Your Risk and Control Matrix – How much is too much?
By Randal Slifer, Manager, Assurance Services
Many organizations treat the development of a risk control matrix (RCM) as a one-time exercise, as inherent process risks rarely change. What these organizations sometimes overlook is that the control environment evolves constantly due to changes in applications, reassignment of control activities, or reorganization of personnel involved in performing control activities. These changes may lead to overlapping controls, or may expose new control gaps.
Too much of a good thing?
Let’s assume, for a moment, that we can all agree that pizza is good, and chocolate is good. Can we then deduce that chocolate-covered pizza is good? No? Controls can be viewed in the same manner. For control-minded individuals, there may be a bias toward adding controls—i.e., “This control is good, but it would be even better with another layer of controls.” While this attitude is certainly valid when considering potential control breakdowns, it isn’t always the proper approach. Overlapping controls may lead to operational inefficiency due to the time and expense required to administer, monitor and test the control. For these reasons, it’s worth reviewing your RCM on a regular basis to ensure that your control framework maintains its effectiveness and facilitates the development of efficient audit testing programs.
Is that a forest, or simply many trees?
Because the RCM provides the foundation for your controls testing activities, it may be beneficial to seek an external review. An independent reviewer can assist in this process by challenging assertions and assumptions without being swayed by the bias of being “too familiar” with a particular process. To demonstrate how Marcum assists clients in this process, I have prepared a brief example which I’ll use to demonstrate the RCM review steps.
What does the RCM review entail?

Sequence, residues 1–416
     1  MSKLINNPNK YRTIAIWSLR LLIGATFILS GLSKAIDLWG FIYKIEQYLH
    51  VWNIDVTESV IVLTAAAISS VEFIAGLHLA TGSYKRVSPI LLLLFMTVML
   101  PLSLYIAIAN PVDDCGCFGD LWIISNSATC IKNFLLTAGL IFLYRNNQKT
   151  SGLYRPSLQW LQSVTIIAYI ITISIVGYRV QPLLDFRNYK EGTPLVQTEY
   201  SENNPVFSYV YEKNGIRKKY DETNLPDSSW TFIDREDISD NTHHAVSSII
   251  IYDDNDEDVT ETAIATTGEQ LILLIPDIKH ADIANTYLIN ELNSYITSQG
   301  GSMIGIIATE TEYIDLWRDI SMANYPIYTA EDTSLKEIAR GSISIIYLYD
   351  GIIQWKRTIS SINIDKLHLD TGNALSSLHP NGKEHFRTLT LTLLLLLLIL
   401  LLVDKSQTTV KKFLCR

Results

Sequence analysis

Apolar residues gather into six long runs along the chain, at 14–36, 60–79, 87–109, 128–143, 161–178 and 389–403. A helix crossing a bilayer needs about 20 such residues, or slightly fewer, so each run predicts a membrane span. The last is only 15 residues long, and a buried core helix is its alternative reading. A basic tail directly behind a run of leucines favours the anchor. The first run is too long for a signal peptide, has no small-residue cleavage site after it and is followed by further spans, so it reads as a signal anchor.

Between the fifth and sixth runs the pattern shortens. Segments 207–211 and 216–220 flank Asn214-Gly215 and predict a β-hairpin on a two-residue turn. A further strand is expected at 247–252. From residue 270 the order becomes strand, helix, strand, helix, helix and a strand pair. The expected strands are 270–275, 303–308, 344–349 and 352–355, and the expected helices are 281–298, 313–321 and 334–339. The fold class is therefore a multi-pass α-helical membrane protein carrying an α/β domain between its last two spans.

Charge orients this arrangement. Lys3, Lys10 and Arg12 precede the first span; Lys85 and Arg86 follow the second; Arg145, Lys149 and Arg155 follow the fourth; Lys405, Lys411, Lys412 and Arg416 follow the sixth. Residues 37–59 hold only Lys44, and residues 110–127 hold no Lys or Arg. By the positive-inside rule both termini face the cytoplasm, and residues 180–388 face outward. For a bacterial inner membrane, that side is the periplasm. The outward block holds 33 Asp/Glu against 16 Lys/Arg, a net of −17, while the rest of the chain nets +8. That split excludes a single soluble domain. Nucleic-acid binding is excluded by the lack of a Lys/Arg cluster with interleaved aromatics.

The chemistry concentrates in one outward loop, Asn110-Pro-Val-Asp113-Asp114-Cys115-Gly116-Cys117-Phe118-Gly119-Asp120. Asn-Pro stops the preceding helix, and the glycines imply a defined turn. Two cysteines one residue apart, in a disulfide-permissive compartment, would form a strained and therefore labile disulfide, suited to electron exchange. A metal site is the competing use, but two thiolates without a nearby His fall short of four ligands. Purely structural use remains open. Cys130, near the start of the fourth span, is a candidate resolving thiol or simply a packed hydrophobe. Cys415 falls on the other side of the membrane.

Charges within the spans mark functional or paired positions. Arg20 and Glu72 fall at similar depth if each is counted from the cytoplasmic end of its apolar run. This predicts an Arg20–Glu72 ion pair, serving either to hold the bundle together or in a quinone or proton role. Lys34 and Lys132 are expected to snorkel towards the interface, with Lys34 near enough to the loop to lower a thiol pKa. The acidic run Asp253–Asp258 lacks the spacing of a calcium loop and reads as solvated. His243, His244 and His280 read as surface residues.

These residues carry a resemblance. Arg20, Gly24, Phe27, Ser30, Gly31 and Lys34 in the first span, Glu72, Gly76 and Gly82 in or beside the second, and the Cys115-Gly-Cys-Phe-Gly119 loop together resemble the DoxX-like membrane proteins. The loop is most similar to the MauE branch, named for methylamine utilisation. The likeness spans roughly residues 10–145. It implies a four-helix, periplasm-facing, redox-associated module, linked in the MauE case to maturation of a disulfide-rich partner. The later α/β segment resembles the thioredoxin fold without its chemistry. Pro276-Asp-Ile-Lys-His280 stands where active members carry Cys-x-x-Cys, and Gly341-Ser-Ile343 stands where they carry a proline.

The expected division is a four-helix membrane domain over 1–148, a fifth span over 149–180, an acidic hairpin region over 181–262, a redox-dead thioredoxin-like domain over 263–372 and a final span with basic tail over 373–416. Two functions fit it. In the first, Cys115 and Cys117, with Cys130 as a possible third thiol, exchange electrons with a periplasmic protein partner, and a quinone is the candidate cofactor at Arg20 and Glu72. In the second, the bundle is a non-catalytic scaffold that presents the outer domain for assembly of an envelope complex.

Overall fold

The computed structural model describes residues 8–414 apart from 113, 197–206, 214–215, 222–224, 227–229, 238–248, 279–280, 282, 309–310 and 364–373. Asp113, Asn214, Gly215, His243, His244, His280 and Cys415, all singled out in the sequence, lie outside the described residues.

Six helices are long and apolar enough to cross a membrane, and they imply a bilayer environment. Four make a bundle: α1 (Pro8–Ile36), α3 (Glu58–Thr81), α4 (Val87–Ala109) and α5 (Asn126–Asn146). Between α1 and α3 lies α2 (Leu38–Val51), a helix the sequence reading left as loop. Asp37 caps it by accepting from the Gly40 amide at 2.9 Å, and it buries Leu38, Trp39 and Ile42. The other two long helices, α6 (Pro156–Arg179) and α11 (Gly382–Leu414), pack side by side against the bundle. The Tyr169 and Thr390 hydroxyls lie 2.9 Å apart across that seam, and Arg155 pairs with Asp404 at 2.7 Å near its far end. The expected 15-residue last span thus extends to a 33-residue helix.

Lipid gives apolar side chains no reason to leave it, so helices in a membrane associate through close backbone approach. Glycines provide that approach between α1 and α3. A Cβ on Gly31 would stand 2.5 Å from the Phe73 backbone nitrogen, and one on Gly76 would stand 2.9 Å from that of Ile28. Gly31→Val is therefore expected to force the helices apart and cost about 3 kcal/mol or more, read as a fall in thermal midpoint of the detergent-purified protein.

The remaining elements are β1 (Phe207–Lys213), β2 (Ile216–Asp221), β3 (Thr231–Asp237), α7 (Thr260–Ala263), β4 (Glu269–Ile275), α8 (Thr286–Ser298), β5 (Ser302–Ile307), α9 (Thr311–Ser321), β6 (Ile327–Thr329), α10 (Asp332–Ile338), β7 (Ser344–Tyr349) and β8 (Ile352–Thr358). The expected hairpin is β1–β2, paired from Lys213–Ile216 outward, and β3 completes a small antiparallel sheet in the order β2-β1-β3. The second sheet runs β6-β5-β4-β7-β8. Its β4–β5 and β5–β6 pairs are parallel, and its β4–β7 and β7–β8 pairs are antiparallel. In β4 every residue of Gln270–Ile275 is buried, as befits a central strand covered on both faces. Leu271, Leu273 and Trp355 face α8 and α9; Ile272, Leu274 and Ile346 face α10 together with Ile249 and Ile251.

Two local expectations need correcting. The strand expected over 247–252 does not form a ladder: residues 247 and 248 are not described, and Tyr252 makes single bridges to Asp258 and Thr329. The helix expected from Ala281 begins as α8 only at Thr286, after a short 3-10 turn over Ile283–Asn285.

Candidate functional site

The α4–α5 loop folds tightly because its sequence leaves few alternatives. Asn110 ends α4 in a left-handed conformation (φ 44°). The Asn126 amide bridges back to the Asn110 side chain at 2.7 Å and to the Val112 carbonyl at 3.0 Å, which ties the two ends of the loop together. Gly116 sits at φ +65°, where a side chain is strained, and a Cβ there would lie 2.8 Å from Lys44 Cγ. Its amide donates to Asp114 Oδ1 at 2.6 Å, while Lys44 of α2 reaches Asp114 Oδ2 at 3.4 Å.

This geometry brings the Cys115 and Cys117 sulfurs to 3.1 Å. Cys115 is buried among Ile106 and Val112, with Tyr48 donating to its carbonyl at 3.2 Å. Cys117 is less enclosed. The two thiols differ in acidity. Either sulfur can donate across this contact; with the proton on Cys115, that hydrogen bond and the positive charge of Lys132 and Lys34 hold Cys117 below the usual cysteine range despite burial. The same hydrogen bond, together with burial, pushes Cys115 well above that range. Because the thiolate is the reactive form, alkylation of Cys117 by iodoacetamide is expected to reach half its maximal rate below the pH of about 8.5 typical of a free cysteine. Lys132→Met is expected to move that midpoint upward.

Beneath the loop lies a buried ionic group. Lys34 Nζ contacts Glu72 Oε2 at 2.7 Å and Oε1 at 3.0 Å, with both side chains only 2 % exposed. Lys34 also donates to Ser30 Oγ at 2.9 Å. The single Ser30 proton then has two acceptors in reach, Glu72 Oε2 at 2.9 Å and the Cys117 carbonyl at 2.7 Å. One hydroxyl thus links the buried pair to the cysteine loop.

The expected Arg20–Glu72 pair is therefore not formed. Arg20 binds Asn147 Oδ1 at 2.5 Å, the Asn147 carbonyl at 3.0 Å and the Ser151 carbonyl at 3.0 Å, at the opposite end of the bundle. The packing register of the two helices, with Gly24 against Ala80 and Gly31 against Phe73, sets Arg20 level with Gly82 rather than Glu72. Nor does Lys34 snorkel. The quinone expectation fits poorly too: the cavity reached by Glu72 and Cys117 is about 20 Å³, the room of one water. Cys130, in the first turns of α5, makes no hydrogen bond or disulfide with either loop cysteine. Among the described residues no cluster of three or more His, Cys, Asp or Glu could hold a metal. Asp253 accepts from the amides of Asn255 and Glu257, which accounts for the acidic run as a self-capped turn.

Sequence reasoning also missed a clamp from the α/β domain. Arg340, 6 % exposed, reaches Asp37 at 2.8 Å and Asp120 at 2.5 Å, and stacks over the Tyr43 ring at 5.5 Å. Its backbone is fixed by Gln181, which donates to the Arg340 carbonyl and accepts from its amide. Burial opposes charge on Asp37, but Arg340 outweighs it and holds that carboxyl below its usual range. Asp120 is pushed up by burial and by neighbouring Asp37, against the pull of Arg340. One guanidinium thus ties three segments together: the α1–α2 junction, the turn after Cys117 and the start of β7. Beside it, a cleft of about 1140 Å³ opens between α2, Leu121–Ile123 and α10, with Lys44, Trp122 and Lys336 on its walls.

Starting with the client’s existing RCM, the first step is a cursory review of the listed controls and risks. It’s important to note at this point that a control isn’t really a control without a specific action (e.g., monitor, verify, review). If a listed control is a simple statement, such as “All journal entries comply with corporate policy,” it should be updated to state how this compliance is tested. For example, “All journal entries are reviewed by the controller for policy compliance and are approved prior to posting” is a stronger control because it assigns the specific actions of review and approval to a specific individual—the controller in this instance. For the review of risks, a basic understanding of the process is required to assess the reasonableness of the stated modified risk ranking. For example, a highly manual process is naturally a greater risk for fraud due to the possibility of collusion between two employees involved in the application of the control.
The next step is to consider the identified controls for each risk, with comments added for any requests for clarification, or for any recommendations. Items to consider are the relevance of the stated control for each risk, recommendations on how to strengthen the control description, and possibly the addition or removal of controls as appropriate. The example below shows the reviewer’s comments, which are then shared with the client for their input.
The final step is to identify key controls and secondary controls for each risk. Using the explanations provided by the client in the prior step, I’ll identify the key control by highlighting the control in red, the second-most critical control in orange, and all other relevant controls in yellow. In the final version shown below, note that Control J has been eliminated from the matrix, as there are no listed risks that the control mitigates.
I would also recommend for the client to consider eliminating Controls B and D. Those controls are only designated with yellow highlights, which means that there are other more effective controls to mitigate the risks.
As mentioned earlier, the review of your organization’s RCM should not be viewed as a one-time activity, since a regular review may lead to strengthened controls or allow you to maximize the efficiency of your control activities.